“And who is the master of foxhounds?
And who says the hunt has begun?
And who calls the tune in the courtroom?
And who beats the funeral drum?”– Roger Waters
Shortly after the death of Julius Caesar, the Romans experimented with a power structure they called the Triumvirate. It involved three equal leaders that shared power in a system of rudimentary checks and balances. As you might have imagined, it didn’t work for long. Our system of checks and balances have worked remarkably well in the United States, but they have certainly had their moments.
They never perfectly work together. That was never the point of the exercise. Usually two could gang up on one bad actor to make sure they never become too powerful. This notion is at play in the current Republican party. They have three factions that work together to help them win elections and maintain power. They couldn’t win with just one alone, but if you put them together it has been just enough to get by for the last forty or so years.
The oldest faction is the faction the party was built on. The Republican party has always been the party of big business. Leave it to that group to be the possible ultimate undoing of everything else. They always say that politics make strange bedfellows. It is bizarre to see racists, xenophobes, and homophobes get in bed with big business, and then saddle up to religious zealots in a kind of perverse love triangle. I shudder to say this now, but it looks like big business might become the voice of reason.
All of this stands in the backdrop of corporate America’s standoff with the Georgia GOP over their new voter suppression law. Some have dubbed the bill “Jim Crow 2.0.” Whether it is motivated purely by racism or if it is simply a sinister power grab that happens to disproportionately affect African Americans and people of color is open to debate. The impact cannot be debated. Fewer people will vote and that is exactly what the GOP wants.
We can marvel at the simplicity of it. We can marvel at the naked ambition and undemocratic principles of the notion. I choose to marvel at corporate America’s collective response. MLB has pulled it’s all-star game and MLB draft out of Georgia. The collective impact has been estimated at 100 million dollars of revenues for the city of Atlanta and the state. That kind of loss in revenue has its way of trickling down. Funny how this trickle down method could topple the Republican party as it stands.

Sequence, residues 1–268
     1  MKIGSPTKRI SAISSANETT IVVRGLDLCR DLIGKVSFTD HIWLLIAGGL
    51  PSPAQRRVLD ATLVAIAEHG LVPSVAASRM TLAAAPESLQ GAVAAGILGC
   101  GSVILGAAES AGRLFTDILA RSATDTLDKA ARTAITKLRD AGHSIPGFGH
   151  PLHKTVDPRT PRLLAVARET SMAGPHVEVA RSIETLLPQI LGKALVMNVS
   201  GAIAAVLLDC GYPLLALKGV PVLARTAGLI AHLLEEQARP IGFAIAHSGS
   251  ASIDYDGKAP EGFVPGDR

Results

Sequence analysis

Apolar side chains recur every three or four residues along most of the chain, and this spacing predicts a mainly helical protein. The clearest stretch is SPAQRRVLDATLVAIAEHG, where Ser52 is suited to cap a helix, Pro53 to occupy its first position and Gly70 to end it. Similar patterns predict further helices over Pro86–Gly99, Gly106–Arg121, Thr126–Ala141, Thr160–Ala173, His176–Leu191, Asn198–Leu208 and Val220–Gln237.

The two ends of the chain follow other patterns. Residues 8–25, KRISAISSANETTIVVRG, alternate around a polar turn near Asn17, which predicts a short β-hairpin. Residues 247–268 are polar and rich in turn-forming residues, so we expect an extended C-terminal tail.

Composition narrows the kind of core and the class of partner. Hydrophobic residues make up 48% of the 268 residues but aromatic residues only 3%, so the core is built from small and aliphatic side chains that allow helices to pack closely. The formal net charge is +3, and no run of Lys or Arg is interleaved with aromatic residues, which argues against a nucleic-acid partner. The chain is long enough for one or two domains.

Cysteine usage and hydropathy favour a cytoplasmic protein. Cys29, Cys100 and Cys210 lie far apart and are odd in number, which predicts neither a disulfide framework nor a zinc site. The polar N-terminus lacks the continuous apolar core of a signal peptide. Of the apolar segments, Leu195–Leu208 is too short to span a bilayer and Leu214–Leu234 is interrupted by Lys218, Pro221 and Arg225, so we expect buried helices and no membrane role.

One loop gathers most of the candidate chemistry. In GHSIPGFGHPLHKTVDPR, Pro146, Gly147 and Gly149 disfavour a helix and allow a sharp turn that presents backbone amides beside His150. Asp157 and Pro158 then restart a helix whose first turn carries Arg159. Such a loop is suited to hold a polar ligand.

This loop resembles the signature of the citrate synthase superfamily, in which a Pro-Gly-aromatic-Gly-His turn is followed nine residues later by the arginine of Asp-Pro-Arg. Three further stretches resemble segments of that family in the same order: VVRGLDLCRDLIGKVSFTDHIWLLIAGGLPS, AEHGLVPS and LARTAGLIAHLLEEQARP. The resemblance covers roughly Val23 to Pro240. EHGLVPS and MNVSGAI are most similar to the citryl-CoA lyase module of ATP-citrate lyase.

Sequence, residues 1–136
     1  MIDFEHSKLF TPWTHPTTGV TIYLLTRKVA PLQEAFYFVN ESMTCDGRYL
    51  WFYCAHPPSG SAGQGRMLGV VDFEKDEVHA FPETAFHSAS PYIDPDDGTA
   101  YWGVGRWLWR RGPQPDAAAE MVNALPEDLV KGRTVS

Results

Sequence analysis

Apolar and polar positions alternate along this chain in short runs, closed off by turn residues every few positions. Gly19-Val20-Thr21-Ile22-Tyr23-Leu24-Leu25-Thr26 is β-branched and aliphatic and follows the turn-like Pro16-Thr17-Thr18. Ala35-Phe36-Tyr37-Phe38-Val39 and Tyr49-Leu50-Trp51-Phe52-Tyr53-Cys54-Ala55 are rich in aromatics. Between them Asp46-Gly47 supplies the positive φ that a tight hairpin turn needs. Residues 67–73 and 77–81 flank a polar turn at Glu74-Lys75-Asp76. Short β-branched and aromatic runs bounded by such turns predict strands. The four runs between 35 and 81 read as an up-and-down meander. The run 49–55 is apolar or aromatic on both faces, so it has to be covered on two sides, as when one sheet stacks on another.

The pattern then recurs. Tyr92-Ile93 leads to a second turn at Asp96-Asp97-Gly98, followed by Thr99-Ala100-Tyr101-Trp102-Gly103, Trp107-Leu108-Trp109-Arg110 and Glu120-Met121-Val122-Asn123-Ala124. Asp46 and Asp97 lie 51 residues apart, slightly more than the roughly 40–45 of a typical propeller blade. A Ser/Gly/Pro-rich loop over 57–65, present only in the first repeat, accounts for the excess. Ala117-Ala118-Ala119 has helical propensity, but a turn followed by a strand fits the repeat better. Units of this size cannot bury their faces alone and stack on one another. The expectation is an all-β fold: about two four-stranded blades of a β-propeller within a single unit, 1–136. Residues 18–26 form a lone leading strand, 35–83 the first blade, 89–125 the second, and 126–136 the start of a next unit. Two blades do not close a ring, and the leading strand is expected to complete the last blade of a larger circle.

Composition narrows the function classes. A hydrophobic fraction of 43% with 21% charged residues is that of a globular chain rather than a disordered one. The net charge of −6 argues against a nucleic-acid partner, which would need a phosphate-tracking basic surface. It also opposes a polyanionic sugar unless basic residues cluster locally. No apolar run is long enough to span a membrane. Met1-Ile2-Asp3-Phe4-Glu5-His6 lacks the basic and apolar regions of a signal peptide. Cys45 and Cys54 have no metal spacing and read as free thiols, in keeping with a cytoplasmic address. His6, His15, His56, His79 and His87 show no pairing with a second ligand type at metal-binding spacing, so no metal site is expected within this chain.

See, Corporate America never does anything for anyone else if it doesn’t benefit themselves. MLB and those companies looked at the bottom line and discovered their customer base would be more upset if they just went along with it than if they embraced democracy and free and fair elections. NASCAR made a similar calculation when they came out in opposition to racism and in support of the aims of Black Lives Matter. The comments have been eerily similar from critics of both organizations.
Conservatives from the racism and religious wings have asserted that these companies will suffer at the box office if members of their wings boycott those companies. Businesses don’t stay in business long if they make short-term and rash decisions. Someone thought this through and someone figured out that they would come out ahead. They thought it through and determined that racism, xenophobia, and homophobia was bad for business. That might be the death knell of this entire unholy triumvirate.
Of course, this doesn’t stop the other wings from putting their foot in their mouth. Governor Greg Abbott (I’ll let you choose which wing he belongs to) not only refused to throw out the first pitch at the Rangers game. He also said that Texans didn’t want any part of hosting the all-star game. I’m sure Ray Davis and Bob Simpson were happy to hear that. The Astros aren’t likely to be in line to host the game, but the Rangers surely would have been. They just built a new stadium and MLB has a habit of rewarding cities that build new stadiums. Not all 100 million of that economic impact would have been theirs, but much of it would have been. Abbott’s big mouth just took money out of their pocket.
Nothing pisses off big business faster than stupid people that take money out of their pocket. Never in a million years would I have dreamt that it would be big business that would balk first, but it looks like that is about to happen. Big business is about to drag the Republican party kicking and screaming back into the 21st century and back into democracy. Of course, the racists and religious zealots are powerful and stubborn. Who knows where this finally ends up.
Abbott began his reign as governor as somewhat of a compromise candidate between all of the factions. He’d tip his cap to each as he walked the tightrope between all three. This is certainly true when you compare him with his lieutenant governor. You can’t walk that tightrope long. Eventually you have to choose either one or two sides to favor. Abbott has made his choice and it ultimately will be his undoing. The question comes whether that comes in 2022 or later.